|LS Asphyxiated. (asphyxiated) wrote in yalumesse,|
@ 2012-05-27 18:35:00
Super Simple PS Icon Tutorial
Okay, so. The lovely Claire (seethesoldiers) and I were talking today about our own personal Dos and Don'ts when it comes to our icons. She recently aquired Photoshop and asked how I went about iconning, as she's always used PSP and isn't sure if she could make the switch. Aaand the more we got to talking, the more I decided to make a tutorial. I do NOT think I have the greatest icons out there. Seriously. Claire's are some of my absolute favorites, and there are dozens of artists out there better than me. I just strive to make something simple and clear, something I'd be at least willing to use myself. So that said, let's get to it.
For the sake of this tutorial I am going to be using this image by Grande Caps of the beautiful Lucy
FLawless because seriously. Have you seen her recently? Bitch is amazing. Take your image, crop it to 100x100. I don't really have a lot of tips when it comes to cropping... I generally don't like to crop at the eyebrows, but I'll just move the picture around until I'm happy. Easy enough, right? Step 2
Flatten your image, and do an Auto Contrast. A lot of people insist that you need to do all the Autos - Tone, Contrast, and Color. I don't think that is always a necessity. The thing about Spartacus caps is that they are gorgeously lit with natural light. If you hit auto color, more often than not it tints the image blue to even it out and you lose the FEEL of the original scene. Now, if you're trying to make the icons look a little more modern, Auto Color/Tone might be for you. For the sake of Sparty caps, we're only doing Contrast. Later on I'll show you the difference between these functions.
Duplicate your layer, and set the top layer to Screen, with an opacity of 100%. Easy enough, no?
Duplicate the top layer, and set this one to Soft Light, opacity 100%. Oooh, lookit that color POP. Yeah. That's how I like it baby. You so good to me I--sorry, carrying on now.
At this point you may find that your image is too dark or too bright. What I want you to do is go back to your MIDDLE LAYER, the one set to Screen, and play with it. If it's too bright, lower the opacity until it looks right. If it's too dark, duplicate the Screen layer. However, I feel like the coloring on MY image is absolutely perfect. Dramatic and shadowy WITHOUT losing the importance of her expression. So I click on the TOP layer, the one set to Soft Light, and I sharpen. Here's the thing, boys and girls: I NEVER sharpen my base directly. The sharpen tool is a deadly weapon in the hands of some. If it's a choice between no sharpen at all or over-sharpened, I take none at all every time. Over-sharpened icons just look GROSS. Have you ever seen what dried puke looks like after it's been left in the sun too long? That is what I think of over-sharpened icons. For real. I only sharpen my soft light layers - and even then, sometimes I feel the need to lower it. You can do this (if you need to) by going to Edit: Fade Sharpen.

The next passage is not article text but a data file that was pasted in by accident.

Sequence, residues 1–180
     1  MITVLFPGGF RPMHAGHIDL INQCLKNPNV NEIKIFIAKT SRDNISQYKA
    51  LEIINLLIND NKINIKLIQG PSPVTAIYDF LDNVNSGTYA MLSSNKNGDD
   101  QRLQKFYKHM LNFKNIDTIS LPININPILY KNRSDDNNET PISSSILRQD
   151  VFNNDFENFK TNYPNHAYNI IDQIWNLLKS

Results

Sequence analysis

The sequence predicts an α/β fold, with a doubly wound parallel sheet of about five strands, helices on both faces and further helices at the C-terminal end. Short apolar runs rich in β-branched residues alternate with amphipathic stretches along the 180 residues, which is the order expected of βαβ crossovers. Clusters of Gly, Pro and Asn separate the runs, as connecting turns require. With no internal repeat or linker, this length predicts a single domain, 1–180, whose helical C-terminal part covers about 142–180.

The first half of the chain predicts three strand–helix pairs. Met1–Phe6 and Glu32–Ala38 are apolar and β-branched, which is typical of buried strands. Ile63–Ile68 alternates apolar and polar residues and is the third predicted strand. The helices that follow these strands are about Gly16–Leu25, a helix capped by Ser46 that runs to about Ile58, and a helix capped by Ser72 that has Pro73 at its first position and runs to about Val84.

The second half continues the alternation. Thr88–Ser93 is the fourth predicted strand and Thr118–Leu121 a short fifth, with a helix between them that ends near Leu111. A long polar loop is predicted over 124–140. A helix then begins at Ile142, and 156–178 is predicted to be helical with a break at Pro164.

At this point, I consider this particular icon complete. But this was a particularly gorgeous cap, and took very little effort on my part. Here are some other icons I've made using this process:
So, what does that same icon look like if I use Auto Tone and Auto Color? Well, it looks liiiiike...
Let's face it: still pretty hot, right? But the lighting is different, and for period icons, I feel that the natural coloring is very important. This is not always the case! Here are a few icons I made where I used the exact same technique, only with the addition of Auto Color and Auto Tone on the base:
In the end, I encourage you to go with what you feels works best for your set. I firmly believe that the same icon coloring does not work for every show/photoshoot. Like, I don't use the same technique for Sparty that I do for Game of Thrones. It just doesn't look good. If you want to make super simple icons and make them fast, I think my method is decent enough. It's enough to get you started, anyway. ;)